“On December 4, 2019, the doors swung open to the world’s first Museum of Graffiti”
It was exciting, newsworthy, and 50 years in the making. Graffiti started in the late 1960’s as a children’s movement. Much different from the political graffiti seen in the streets during times of war and the ancient glyphs found in the catacombs of Egypt, the Museum serves to study, exhibit, and celebrate the type of graffiti that is also known as “style writing.”
Each visitor to the Museum learns about style writing in its most basic form—on the New York City streets in the early 1970s where children played openly. There was no internet, no flat screen TVs, simply kids left to their own devices in the City That Never Sleeps. What emerged was a pastime whereby the City’s youth would write their name in public. It became competitive, a race to who wrote bigger, better, and with the most style! Pseudonyms or “tag names” emerged as the risk associated with painting in train tunnels and highly public locations began to grow.
The authorities hated this! They believed in maintaining their mundane, beige and brick buildings. There was no vision in support of this art form that had been created. But as officials grew angrier and more vocal, graffiti as an art continued to blossom. Suddenly, commuters’ rides to work got more interesting and the city was dripping in color! Tags grew into bubble letters, bubble letters to burners, burners to the inclusion of characters, and so on!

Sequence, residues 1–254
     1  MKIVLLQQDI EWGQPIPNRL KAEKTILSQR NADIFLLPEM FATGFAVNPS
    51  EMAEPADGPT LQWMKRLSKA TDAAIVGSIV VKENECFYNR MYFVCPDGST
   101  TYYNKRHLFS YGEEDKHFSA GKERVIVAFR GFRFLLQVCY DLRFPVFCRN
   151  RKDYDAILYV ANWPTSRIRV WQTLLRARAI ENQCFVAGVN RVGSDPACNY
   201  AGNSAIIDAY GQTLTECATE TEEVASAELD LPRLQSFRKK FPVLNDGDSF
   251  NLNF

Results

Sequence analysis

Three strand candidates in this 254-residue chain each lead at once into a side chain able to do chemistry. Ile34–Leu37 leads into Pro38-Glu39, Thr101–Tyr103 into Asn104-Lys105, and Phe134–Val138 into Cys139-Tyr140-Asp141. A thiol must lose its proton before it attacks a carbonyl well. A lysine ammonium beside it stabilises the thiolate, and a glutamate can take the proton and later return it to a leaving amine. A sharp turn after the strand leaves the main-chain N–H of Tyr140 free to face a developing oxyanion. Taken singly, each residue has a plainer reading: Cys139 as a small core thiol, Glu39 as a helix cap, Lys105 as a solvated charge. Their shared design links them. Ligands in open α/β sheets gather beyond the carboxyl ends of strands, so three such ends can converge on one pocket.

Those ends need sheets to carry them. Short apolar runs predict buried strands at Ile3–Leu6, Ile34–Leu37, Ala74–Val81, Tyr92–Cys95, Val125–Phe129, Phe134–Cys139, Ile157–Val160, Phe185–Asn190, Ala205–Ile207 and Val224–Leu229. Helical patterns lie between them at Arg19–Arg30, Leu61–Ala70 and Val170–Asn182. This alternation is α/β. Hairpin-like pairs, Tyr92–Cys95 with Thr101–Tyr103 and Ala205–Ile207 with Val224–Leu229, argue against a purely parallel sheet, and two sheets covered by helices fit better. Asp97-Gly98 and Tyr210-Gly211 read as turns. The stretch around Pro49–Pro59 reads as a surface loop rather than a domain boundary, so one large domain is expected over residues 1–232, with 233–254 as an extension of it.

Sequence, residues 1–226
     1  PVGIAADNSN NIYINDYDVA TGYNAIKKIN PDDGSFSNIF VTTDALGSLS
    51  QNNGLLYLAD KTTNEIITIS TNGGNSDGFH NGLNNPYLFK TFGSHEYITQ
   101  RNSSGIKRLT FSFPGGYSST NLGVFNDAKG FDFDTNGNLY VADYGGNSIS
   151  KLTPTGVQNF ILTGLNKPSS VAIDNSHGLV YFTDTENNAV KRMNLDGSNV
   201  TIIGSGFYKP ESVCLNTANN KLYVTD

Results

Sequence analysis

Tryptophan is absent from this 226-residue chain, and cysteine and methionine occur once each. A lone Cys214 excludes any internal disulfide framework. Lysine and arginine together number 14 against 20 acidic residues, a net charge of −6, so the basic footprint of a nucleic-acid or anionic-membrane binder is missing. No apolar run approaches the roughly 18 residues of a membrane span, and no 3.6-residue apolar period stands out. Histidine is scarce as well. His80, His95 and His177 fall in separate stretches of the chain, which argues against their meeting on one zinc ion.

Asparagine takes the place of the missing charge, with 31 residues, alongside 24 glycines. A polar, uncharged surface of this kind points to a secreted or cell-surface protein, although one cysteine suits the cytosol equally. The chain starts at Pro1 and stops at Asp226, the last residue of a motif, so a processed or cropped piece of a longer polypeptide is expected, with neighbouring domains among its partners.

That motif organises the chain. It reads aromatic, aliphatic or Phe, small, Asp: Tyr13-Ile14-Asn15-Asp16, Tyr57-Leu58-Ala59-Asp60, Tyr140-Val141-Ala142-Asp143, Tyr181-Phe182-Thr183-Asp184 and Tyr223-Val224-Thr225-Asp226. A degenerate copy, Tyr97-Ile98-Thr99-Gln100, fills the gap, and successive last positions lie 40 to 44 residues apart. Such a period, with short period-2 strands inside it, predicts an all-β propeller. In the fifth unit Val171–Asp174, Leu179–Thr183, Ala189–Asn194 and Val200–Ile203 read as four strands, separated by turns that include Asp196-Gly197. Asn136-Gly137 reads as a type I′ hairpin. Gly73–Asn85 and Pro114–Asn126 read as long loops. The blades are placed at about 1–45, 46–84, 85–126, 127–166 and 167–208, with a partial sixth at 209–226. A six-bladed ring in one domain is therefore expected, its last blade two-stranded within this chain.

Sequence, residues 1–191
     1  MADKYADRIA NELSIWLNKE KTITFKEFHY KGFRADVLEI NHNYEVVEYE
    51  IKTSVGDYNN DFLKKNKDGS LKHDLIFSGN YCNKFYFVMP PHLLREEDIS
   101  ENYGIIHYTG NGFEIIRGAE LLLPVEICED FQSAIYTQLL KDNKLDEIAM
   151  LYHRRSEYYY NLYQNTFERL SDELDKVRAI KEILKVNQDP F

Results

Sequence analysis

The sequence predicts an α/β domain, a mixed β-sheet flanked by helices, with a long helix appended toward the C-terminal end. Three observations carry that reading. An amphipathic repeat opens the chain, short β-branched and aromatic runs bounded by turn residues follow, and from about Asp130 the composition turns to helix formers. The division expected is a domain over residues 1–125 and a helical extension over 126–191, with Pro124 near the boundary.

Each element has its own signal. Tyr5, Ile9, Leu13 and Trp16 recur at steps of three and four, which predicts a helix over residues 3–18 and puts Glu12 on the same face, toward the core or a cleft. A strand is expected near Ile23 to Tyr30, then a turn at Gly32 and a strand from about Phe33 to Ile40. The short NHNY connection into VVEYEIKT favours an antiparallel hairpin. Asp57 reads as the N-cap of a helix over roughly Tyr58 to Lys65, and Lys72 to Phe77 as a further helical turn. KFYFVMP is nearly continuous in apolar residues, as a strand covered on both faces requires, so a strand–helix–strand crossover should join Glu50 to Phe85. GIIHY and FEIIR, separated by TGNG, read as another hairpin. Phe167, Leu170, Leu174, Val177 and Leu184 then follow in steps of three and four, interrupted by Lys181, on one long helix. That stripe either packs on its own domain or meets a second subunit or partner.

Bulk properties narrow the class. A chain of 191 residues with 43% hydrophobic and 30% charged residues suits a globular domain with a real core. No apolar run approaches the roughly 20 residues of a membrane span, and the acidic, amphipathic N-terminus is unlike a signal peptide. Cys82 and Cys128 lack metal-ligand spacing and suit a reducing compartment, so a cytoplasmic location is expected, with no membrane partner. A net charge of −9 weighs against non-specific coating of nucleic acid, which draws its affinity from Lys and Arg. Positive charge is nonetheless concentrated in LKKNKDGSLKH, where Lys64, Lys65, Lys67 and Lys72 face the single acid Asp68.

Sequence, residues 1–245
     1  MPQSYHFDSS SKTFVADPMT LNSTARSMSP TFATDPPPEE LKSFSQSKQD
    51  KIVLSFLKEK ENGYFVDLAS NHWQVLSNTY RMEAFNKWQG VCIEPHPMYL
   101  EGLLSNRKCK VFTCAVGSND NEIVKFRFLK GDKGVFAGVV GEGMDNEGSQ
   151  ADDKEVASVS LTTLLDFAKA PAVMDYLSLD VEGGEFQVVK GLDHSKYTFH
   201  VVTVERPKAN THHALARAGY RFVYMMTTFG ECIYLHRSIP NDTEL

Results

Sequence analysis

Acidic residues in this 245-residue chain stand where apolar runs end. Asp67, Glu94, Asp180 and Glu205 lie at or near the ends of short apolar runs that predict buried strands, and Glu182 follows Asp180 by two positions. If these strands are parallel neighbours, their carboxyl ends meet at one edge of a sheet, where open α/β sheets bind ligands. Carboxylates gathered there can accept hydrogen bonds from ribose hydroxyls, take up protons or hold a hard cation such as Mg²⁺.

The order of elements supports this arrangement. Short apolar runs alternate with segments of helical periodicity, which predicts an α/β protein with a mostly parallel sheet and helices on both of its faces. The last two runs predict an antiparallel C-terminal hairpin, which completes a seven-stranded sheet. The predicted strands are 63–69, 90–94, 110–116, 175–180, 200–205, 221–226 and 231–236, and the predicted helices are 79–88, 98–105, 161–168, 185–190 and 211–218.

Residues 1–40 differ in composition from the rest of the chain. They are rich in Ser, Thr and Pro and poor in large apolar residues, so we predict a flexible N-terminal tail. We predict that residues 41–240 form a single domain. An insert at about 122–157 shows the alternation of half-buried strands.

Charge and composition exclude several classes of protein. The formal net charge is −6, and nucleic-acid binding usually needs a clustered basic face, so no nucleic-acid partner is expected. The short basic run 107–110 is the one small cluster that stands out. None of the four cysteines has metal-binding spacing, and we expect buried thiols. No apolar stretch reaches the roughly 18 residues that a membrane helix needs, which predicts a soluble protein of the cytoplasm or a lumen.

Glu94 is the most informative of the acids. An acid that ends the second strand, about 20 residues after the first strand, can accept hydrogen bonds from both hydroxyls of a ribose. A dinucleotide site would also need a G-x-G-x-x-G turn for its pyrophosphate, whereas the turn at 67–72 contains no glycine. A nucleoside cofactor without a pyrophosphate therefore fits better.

Many of the founders of this movement went on to have blue collar jobs, some became accountants, and others took the art world by storm. But until 2019, there was no institution dedicated exclusively to preserving this ephemeral artform and telling its history. Whether you want to call it “vandalism” or “art,” this is an important part of global culture that deserves our attention.
Visitors to Miami have the opportunity to see a comprehensive exhibition inside the Museum and walk along all the outdoor murals that span for miles. However, it is the duty and responsibility of the Museum to push its research on the movement and its artifacts and artwork beyond the confines of Wynwood, Florida to continue our mission of education. Therefore, it is with great pleasure that the works of seven graffiti artists are travelling to the Artemizia Foundation in Bisbee, AZ where they will be cherished, preserved, and serve as a teaching tool in a beautiful town across the country.
Allison Freidin - Co-Founder Museum of Graffiti – Miami, Fl